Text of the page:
Lessons From Dogs




As a child, I looked out the window on road trips, pretending to run alongside the car through the hills and yards. A lone German Shepherd inside the highway fence caught my eye one day. He was trotting along, looking forlorn. I begged my father to stop so we could catch the dog. I was terrified that he would be killed. We didn’t stop. That day on our return trip, I saw a dog carcass on the shoulder of the highway. I didn’t know if it was the same dog, or even the same area but the memory stayed with me. And the lesson – follow your instincts.

I’ve learned a lot from dogs.

My grandparents’ Newfoundland, Blackie, taught me about personal responsibility and holding up my end of the bargain. He had an easy life. He was even treated to a bowl of ice cream in front of the TV every night. But, spoiled as he was, he repaid my grandparents by treating them like royalty and being the best dog he could be.

A Black Lab named Shadow was my companion when I was eight. His participation in his owner’s hobby, duck hunting, turned my stomach. I was convinced that Shadow shared my distaste yet he performed his repugnant job with spunk and style. If Shadow could jump into an ice cold lake to retrieve a bloody murdered duck, I could clean the toilet without (too much) complaining.

I found Mr. Sweets in a neighbor’s yard, chained to a dog house. He was matted and flea ridden and adorable. A good grooming revealed a handsome Schnoodle. We renamed him Mr. Bojangles. His dedication as my willing sidekick helped me to become a better friend.

Trooper was a burly German Shepherd at my kennel job who liked to bite everyone but me. We had a special bond. When I visited him at his new position as a guard dog, he lunged at me and ripped the end of my sleeve. If I hadn’t been quicker, he’d have ripped off my arm. The lesson? Sometimes it’s best to leave the past behind.

Kali was born in a friend’s house at the end of the school year. I used the “she followed me home, can I keep her?” line, and it worked. By the end of the summer I learned the true meaning of devotion, as only a Shepherd could model. Her shamelessness, and friendship, and undying loyalty showed me that dogs have souls, too.

Kevvie, aka Kevlar, the Giant Schnauzer, was meant to be my police K9 partner but her heart wasn’t in it. The day she became entangled in a wayward rope with a terrified squirrel showed her true character. She squealed in pain as the frantic rodent bit her over 70 times on the face and neck in its efforts to escape. Instead of killing it with her massive jaws, she gently pulled it off each time. Still entangled, it attacked again and again until exhaustion rendered it helpless and I was able to cut them free. Kevvie was true to herself and kind to smaller creatures, gifts I admired and endeavored to possess.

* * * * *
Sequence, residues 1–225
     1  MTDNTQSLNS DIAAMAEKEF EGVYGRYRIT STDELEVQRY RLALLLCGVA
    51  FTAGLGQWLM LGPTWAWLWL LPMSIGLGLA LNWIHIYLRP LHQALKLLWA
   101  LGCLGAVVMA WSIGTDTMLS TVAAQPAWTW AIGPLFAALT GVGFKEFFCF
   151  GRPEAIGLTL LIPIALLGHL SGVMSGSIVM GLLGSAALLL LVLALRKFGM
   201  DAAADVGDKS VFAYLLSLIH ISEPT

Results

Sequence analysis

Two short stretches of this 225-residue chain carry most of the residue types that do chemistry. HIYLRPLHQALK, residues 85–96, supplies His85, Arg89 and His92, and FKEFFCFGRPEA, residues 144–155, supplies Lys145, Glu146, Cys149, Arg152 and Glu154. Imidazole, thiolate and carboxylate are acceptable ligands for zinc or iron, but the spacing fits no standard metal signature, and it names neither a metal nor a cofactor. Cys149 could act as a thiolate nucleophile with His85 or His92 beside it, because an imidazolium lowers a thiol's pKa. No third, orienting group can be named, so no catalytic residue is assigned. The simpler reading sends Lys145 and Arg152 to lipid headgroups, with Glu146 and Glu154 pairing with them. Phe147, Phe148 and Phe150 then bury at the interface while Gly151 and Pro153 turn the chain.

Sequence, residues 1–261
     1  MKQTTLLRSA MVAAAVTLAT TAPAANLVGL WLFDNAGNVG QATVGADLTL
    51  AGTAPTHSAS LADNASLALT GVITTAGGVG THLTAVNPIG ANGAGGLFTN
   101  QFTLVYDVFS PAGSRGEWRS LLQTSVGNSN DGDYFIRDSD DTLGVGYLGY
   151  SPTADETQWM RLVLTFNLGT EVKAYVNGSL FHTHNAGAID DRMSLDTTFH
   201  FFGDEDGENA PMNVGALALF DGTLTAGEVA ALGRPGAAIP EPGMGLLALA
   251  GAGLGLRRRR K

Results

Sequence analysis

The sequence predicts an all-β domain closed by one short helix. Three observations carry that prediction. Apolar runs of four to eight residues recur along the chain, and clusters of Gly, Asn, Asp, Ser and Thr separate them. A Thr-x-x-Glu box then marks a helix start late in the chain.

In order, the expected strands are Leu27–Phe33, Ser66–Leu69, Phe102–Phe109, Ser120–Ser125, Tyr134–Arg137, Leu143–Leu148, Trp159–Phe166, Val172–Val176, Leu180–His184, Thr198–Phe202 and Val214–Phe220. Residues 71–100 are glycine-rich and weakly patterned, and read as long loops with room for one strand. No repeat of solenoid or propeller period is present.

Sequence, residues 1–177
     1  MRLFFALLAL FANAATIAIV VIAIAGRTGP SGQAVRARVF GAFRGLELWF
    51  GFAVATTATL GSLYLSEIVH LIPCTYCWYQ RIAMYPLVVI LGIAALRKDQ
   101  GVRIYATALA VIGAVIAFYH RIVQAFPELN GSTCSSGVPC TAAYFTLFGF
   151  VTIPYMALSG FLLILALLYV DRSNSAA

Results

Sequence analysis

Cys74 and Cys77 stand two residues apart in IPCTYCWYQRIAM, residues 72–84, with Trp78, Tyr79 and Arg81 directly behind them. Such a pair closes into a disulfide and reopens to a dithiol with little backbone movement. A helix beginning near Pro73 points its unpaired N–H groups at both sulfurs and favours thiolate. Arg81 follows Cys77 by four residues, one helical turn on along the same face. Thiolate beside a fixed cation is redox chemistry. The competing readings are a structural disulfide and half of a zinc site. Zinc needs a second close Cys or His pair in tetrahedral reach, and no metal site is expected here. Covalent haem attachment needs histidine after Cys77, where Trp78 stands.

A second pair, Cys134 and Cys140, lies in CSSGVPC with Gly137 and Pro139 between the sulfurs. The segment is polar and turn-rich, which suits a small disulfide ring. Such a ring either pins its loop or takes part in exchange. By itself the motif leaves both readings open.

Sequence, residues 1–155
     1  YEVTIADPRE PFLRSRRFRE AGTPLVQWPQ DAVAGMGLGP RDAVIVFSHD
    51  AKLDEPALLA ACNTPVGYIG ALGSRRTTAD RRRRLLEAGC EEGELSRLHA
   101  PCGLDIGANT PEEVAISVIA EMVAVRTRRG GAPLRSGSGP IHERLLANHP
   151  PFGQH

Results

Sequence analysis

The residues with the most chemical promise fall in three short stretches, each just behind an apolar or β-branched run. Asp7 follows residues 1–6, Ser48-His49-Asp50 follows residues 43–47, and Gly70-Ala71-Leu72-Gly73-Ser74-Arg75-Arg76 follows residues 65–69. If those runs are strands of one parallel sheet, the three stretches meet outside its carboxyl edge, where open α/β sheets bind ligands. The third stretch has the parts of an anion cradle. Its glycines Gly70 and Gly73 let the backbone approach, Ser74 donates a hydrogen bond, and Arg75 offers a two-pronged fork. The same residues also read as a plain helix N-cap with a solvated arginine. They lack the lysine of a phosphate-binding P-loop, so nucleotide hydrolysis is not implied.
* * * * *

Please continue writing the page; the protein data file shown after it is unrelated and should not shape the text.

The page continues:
Paxil, my current Lab, is an expert at pleasure, both giving and receiving, and at fun. Everything is her favorite. And she has the best stress management strategies: karaoke – howling at sirens, cheap aroma therapy – rolling in every vile, vomitous substance she can find, and soothing water therapy – splashing in the tub with a child. The lesson she expounds is that there’s good in everything if you look (or smell) long enough.

In addition to the lessons I’ve learned, my dogs have taught me about myself. I learned I am a loyal friend when I stood between Bojangles and an angry Doberman with gnashing teeth who outweighed me by ten pounds. I discovered that I am courageous, and foolhardy, the day I headed into a riptide to save Kevvie who was being sucked under and tossed about in terror. I was surprised by my strength of character when I defied the vet and insisted on staying with Kali when she was euthanized. And I wasn’t embarrassed when I brought friends home the day Paxil left half-eaten underwear in the living room and scattered the contents of the bathroom trash throughout the house.

My dogs have been building blocks in my life. The cats? They haven’t taught me anything, except maybe to mind my own business and keep the food dish filled.



Jill Wragg is a retired police officer in Massachusetts.
She can be reached at JKWragg@yahoo.com

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1 comment:

Carin said...

And I guess Ripley made your French better. Smile. That's a cool post.